Further, disease appears to be more prevalent in the Ningbo/Shanghai/Hangchow region. This could be for several reasons. First, it is possible that proximity to both the Pacific and the Qiantang River made these areas more susceptible to disease. Wetter seasons would thus result in more water and marshier areas, which could increase the prominence of disease. Likewise, the number of large ports in this region could have made it vulnerable to the exchange of more diseases than Foochow and Macao/Canton/Hong Kong. However, it is also possible that there is simply more data in this region. As these three major CMS posts were in this area, there are more entries in the Mission Books. It is also known that British control of Hong Kong allowed missionaries to access more advantageous land at higher altitudes which was frequently considered healthier, as opposed to land missionaries were able to settle in other locations such as Ningbo/Shanghai/Hangchow.
However, neither above nor below-average rainfall seem to correlate as strongly with the strength of harvests, famine, or prices as it does with disease. While above-average to heavy rainfall appears to sometimes correlate with strong harvests, there are frequent exceptions, as illustrated in 1849 in Ningbo/Shanghai/Hangchow region and in 1876 and 1877 in Foochow. Similarly, famine often appears during poor harvests, but does not always. This suggests that famine during this period may have occurred because of other factors, such as political instability, warfare, or trade difficulties, rather than solely environmental changes.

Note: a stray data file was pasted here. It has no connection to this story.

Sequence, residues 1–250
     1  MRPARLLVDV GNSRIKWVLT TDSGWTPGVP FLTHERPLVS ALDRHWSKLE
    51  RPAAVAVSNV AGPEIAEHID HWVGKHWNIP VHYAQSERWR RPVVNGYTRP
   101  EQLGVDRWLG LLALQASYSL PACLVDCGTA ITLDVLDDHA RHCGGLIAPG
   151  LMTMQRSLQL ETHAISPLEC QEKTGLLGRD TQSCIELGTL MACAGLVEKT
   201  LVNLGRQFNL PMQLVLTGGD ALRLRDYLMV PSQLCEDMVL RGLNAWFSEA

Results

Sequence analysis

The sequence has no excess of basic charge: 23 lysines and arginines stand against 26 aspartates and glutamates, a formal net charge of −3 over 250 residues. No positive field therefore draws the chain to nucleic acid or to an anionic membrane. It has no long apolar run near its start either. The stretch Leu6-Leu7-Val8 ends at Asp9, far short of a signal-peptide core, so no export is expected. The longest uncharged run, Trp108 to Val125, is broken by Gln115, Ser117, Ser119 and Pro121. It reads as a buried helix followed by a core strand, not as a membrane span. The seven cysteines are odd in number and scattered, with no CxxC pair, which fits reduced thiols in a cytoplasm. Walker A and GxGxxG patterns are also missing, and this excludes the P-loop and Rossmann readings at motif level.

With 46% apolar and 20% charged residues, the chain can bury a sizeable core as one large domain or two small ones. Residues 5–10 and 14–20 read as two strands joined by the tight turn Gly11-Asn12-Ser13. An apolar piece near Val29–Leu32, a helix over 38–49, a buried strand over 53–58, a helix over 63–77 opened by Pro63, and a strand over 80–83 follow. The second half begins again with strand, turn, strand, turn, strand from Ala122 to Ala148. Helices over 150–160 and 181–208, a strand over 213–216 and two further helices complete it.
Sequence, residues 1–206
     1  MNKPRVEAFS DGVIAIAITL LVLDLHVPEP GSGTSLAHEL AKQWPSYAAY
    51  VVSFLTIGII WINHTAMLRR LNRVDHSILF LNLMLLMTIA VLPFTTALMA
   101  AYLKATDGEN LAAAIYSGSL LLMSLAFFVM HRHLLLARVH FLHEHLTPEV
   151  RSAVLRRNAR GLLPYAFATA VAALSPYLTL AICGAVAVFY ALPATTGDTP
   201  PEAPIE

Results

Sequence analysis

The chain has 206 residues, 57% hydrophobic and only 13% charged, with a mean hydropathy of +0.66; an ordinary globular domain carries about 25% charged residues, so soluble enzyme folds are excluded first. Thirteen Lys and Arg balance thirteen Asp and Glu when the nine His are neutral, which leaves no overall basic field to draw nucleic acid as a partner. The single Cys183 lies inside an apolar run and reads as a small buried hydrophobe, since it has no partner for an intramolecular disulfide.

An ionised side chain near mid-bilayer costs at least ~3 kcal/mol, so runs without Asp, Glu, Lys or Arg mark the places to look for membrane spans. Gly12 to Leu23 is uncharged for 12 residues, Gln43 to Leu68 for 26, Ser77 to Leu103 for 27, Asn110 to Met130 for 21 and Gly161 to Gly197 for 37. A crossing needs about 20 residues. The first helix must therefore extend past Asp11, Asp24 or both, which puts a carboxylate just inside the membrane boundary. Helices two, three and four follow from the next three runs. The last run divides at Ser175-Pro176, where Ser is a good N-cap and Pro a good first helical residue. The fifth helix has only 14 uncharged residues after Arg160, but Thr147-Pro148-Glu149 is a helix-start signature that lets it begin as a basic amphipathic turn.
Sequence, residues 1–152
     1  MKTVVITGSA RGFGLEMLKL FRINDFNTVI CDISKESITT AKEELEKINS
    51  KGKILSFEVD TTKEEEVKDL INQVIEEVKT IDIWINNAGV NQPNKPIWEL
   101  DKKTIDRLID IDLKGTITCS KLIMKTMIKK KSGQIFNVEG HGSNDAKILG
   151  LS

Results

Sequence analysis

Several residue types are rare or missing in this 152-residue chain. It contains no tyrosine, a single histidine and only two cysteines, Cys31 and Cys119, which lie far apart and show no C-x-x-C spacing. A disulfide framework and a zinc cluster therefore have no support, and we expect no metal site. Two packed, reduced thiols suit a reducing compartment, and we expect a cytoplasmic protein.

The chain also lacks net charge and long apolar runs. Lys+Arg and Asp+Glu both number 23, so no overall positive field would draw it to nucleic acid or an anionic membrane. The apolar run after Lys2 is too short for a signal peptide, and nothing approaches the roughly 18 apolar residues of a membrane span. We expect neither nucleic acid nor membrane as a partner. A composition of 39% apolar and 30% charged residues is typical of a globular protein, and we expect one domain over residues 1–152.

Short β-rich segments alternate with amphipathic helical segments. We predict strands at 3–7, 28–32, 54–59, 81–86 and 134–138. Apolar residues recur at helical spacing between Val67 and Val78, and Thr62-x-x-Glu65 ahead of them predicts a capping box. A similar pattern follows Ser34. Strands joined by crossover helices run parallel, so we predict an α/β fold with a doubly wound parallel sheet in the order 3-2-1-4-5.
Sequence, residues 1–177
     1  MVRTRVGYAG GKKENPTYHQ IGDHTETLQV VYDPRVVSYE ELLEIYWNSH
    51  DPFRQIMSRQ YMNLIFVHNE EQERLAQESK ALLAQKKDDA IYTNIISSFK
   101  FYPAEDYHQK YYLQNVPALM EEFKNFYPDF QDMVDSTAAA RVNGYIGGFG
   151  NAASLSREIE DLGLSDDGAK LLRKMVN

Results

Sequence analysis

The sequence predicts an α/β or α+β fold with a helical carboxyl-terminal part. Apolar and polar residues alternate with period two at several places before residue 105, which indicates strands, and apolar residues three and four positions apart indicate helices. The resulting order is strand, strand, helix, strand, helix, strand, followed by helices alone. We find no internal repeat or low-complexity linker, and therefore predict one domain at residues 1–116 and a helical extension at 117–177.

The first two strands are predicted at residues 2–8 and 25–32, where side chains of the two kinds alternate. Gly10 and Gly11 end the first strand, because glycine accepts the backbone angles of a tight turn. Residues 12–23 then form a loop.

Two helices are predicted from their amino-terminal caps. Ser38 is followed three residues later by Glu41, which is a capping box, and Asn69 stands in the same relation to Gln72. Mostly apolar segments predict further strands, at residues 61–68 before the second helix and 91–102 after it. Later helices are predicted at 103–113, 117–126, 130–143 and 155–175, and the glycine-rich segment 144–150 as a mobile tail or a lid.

Understanding Environmental Patterns
Environmental patterns across locations also appear in the data. Cholera is only mentioned a few times in the Mission Books, but when it appears in one location, it often does in another. In 1877, cholera was reported in the port of Shanghai. By September of that year, it was reported as a widespread catastrophe in Foo Chow. In both accounts, the missionaries describe that the most affected populations were the “natives” or impoverished. Similarly, despite differences in other environmental factors such as rainfall and harvests, particularly unhealthy years in one location appear to mirror those in others, perhaps demonstrating the interconnectedness of these systems and similar environmental phenomena. Famine patterns show this potential relationship as well. In 1877 and 1878, famine was reported in Peking, Foochow, and Tseng Un, present-day Taiwan. The entries credit the distress in all locales to the famine in the northern Chinese provinces, which was caused by a series of floods and droughts. These entries imply that the port cities largely relied on food from the north, and without it, suffered from lack of provisions. Thus, the interconnectedness of the posts is evident, but the precise impact of environmental factors on each location needs to be further explored.